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<-Back to WTN Archives Canada, Bhutan establish diplomatic ties
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World Tibet Network News

Published by the Canada Tibet Committee

Thursday, July 17, 2003



4. Canada, Bhutan establish diplomatic ties


NEW DELHI: WEDNESDAY, JULY 16, 2003 (AP) - Canada has become the 22nd
country to establish diplomatic relations with the once-isolated Himalayan
kingdom of Bhutan, officials said on Wednesday.

Squeezed between India and Chinese-ruled Tibet, Bhutan is a small country
with mountains soaring to 6,600 meters (22,000 feet), and a population
estimated at 600,000 to 2 million.

The Buddhist country, which recently began opening up after decades of
isolation, has six embassies around the world. In the past five years, it
has established relations with four countries, including Australia and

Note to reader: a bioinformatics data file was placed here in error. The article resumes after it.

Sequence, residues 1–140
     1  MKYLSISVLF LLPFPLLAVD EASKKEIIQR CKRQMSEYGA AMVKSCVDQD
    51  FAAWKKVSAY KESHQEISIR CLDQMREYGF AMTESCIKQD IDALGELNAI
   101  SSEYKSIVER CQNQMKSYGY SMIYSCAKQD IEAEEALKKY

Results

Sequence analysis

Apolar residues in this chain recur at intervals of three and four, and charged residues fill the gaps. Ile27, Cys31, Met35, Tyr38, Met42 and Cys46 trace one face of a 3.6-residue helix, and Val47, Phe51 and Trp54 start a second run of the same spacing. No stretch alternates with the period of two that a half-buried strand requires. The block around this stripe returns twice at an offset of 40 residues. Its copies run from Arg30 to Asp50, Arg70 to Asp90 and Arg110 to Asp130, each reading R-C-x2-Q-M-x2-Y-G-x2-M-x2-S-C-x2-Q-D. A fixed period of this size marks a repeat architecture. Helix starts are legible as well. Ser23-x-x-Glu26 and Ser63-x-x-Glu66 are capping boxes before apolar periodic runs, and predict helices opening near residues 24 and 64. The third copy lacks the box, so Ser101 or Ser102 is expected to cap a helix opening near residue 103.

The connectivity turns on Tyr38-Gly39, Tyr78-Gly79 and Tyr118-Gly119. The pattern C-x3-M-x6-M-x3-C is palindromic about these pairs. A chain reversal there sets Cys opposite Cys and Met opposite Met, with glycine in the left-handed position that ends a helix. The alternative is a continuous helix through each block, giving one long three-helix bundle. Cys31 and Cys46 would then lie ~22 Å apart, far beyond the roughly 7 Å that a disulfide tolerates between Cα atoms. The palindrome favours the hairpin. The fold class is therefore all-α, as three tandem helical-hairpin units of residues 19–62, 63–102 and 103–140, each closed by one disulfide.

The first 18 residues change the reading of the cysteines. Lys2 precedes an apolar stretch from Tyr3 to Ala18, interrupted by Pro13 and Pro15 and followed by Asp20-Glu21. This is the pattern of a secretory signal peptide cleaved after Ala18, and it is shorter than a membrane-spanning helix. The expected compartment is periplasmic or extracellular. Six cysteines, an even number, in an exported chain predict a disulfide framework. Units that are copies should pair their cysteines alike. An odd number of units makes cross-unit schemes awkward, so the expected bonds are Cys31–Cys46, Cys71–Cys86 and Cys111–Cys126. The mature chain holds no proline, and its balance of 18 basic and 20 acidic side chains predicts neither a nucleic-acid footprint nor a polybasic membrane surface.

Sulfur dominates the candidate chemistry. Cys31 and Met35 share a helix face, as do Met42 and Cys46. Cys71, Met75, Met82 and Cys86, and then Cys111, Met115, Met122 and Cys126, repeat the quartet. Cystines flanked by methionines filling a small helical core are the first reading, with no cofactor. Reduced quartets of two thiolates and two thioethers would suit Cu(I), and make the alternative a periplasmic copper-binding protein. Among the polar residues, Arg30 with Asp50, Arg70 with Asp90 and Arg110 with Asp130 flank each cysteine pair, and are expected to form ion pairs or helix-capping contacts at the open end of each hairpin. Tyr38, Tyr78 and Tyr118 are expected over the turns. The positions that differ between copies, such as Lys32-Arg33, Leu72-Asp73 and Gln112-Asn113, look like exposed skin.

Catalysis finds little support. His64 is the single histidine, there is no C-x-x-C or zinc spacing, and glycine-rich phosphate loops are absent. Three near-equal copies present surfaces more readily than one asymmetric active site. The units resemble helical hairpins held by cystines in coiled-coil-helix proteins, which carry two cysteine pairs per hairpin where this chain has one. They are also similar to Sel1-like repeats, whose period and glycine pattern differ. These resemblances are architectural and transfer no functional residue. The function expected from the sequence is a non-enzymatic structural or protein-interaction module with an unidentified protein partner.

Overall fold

Thailand.

"Formal diplomatic relations will mean more official interaction in both the
business and political sectors," said Peter Sutherland, Canada's High
Commissioner to India and Nepal.

"This is an auspicious day for us," said Lyonpo Dago Tshering, Bhutan's
ambassador to India, at an official function after the decision to establish
ties was announced. He said Canada was the 22nd country to establish
relations with Bhutan. The officials were speaking in New Delhi, where
Bhutan has its largest embassy.

The two countries established in 1963 when a Canadian Jesuit priest, known
to the Bhutanese as Father Mackay, set up a school and a college in the
capital, Thimphu. "It's as if Canada and Bhutan have been living together
for years, and are now officially married," said Nancy Strickland, a
Canadian who lives in Bhutan and heads the Canadian Cooperation Office
there. The country jointed the United Nations in 1971, she said.


Articles in this Issue:
  1. Nine Tibetans arrested in southeast Nepal, handed to UNHCR
  2. Kailash-Mansarovar yatra reaches Tibet
  3. Bhutanese lama's new movie set to leave audiences spellbound
  4. Canada, Bhutan establish diplomatic ties



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